Interview with HANNA JAMESON

JamesonH-AuthorPicLet’s start with an introduction: Who is Hanna Jameson?

I’m a writer. 28. University dropout and current history student. I’ve written four books and lost an award for one of them! I like bourbon, true crime, and ghost stories.

Your latest novel, The Last, was recently published by Viking in the UK. It looks really interesting: How would you introduce it to a potential reader?

The Last is a murder mystery set in the months immediately following nuclear war, narrated by an American academic stranded in a remote hotel in Switzerland.

What inspired you to write the novel? And where do you draw your inspiration from in general?

I was inspired to write The Last by a few things, as novels are generally the product of several disparate ideas falling together rather than the outcome of one event. I was inspired by the hellish state of discourse following the 2016 US election, nuclear war jokes on Twitter, a historian friend of mine telling me about a long commute between different US states that got me thinking about the theme of displacement, J.G. Ballard, Stephen King, a curious true crime case in LA where the body of a girl was found in a rooftop water tank of what was then The Cecil Hotel. I also frequently draw inspiration from my own rage, despair, and sadness. Continue reading

An Interview with JACK WHYTE

WhyteJ-AuthorPicLet’s start with an introduction: Who is Jack Whyte?

Jack Whyte is probably one of Canada’s most prolific and popular authors of historical fiction, and his books have been translated into numerous languages, including all the major languages of Europe. In 2009, in recognition of his sales record in Canada alone, the Globe and Mail published a two-page tribute to him under the title, “One Pen, One Sword, One Million Copies Sold.” He is the progenitor and creator of seventeen historical novels that fall into three subcategories. Ten of them, known collectively as A Dream of Eagles in Canada, The Camulod Chronicles in the USA and Legends of Camelot in the U.K., are set in post-Roman Britain around the turn of the fifth century. All three editions comprise the same ten books — the text is unchanged and unchangeable — but the titles are different in each incarnation, since individual publishing houses, historically, have always had complete rights to govern everything else about the books within their own jurisdictions. Continue reading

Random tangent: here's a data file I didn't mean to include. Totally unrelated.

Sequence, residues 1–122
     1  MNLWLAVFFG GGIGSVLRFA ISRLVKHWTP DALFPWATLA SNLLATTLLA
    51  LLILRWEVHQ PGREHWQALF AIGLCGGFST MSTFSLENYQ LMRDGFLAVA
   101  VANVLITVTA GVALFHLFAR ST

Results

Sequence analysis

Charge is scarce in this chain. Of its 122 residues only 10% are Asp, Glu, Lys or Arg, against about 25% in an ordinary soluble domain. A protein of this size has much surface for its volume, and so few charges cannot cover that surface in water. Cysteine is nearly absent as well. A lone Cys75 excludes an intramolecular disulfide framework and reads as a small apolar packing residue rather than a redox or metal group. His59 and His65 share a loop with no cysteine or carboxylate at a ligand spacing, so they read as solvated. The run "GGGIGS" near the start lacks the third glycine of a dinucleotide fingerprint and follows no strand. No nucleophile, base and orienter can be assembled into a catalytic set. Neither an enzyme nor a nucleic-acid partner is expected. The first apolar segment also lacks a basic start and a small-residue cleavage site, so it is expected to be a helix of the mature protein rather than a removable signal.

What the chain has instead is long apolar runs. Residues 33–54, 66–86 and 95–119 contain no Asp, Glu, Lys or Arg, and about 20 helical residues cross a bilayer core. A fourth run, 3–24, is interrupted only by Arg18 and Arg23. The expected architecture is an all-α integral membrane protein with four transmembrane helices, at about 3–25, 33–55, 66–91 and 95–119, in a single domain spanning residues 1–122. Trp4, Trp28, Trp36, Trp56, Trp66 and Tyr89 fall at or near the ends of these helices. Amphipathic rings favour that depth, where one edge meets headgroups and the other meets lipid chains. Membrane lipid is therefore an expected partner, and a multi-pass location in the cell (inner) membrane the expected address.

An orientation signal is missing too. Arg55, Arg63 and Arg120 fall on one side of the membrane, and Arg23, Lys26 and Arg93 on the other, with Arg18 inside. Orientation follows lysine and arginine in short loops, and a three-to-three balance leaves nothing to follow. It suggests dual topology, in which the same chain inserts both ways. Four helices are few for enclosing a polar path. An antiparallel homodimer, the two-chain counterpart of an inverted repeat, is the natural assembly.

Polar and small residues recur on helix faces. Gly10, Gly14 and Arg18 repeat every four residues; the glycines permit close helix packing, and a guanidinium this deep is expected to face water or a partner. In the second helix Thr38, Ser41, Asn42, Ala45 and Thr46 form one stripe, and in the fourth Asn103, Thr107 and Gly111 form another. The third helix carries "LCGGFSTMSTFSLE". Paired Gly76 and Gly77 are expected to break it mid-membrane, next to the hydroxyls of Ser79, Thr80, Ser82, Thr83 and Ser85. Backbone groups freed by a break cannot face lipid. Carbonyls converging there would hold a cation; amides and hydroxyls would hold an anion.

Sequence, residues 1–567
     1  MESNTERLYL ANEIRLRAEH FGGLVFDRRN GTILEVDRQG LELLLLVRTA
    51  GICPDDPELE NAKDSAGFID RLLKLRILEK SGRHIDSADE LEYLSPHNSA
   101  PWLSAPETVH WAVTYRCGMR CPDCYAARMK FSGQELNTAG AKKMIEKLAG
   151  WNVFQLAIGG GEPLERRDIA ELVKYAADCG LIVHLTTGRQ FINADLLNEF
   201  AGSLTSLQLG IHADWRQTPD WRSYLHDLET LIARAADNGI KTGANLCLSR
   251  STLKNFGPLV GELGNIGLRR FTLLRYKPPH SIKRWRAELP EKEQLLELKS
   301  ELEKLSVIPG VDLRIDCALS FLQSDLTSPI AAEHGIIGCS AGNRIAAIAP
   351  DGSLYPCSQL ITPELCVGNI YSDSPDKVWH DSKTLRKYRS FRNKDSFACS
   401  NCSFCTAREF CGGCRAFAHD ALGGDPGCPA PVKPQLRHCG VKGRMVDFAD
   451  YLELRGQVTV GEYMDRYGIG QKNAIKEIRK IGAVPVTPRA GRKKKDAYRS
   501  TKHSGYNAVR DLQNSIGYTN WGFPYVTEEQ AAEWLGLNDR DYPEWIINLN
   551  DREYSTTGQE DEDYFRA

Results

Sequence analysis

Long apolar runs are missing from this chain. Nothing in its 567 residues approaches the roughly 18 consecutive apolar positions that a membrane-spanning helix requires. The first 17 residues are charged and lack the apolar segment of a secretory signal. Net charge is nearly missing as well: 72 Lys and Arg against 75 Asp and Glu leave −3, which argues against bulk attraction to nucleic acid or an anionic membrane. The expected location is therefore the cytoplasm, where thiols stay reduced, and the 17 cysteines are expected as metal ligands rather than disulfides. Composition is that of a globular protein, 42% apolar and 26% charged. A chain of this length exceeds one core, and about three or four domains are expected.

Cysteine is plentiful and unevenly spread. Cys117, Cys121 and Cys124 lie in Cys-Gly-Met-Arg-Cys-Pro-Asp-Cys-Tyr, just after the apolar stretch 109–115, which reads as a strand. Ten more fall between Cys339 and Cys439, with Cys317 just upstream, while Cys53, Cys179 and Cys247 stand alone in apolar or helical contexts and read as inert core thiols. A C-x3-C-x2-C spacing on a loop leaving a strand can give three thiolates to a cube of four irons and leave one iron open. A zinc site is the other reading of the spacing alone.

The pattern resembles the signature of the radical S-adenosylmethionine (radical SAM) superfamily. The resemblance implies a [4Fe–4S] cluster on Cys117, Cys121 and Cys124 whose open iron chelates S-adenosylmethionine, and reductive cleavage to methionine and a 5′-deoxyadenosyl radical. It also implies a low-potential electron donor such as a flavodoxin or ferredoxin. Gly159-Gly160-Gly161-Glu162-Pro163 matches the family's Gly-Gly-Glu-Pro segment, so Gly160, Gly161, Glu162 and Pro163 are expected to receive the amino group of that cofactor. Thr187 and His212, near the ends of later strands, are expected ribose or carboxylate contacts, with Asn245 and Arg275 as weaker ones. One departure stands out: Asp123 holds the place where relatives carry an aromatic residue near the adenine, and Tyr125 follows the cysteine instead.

Upcoming: A DOUBLE LIFE by Flynn Berry (Viking/W&N)

BerryF-ADoubleLife

The worlds of rarefied privilege have always provided rich inspiration and source-material for fiction. Never more so than when something bad happens, or something is thrown into the mix that upends the lives of the privileged. In Flynn Berry‘s upcoming novel, A Double Life, the protagonist is the daughter of one of the “most notorious murder suspects” in the UK — a Lord. I haven’t read Berry’s previous novel, the critically-acclaimed Under the Harrow, but this one has certainly caught my attention. It is due to be published on July 31st, by Viking in North America and Weidenfeld & Nicolson in the UK. Here’s the synopsis:

Claire is a hardworking doctor leading a simple, quiet life in London. She is also the daughter of the most notorious murder suspect in the country, though no one knows it.

Nearly thirty years ago, while Claire and her brother slept upstairs, a brutal crime was committed in her family’s townhouse. The next morning, her father’s car was found abandoned near the English Channel, with bloodstains on the front seat. Her mother insisted she’d seen him in the house that night, but his powerful, privileged friends maintained his innocence. The first lord accused of murder in more than a century, he has been missing ever since.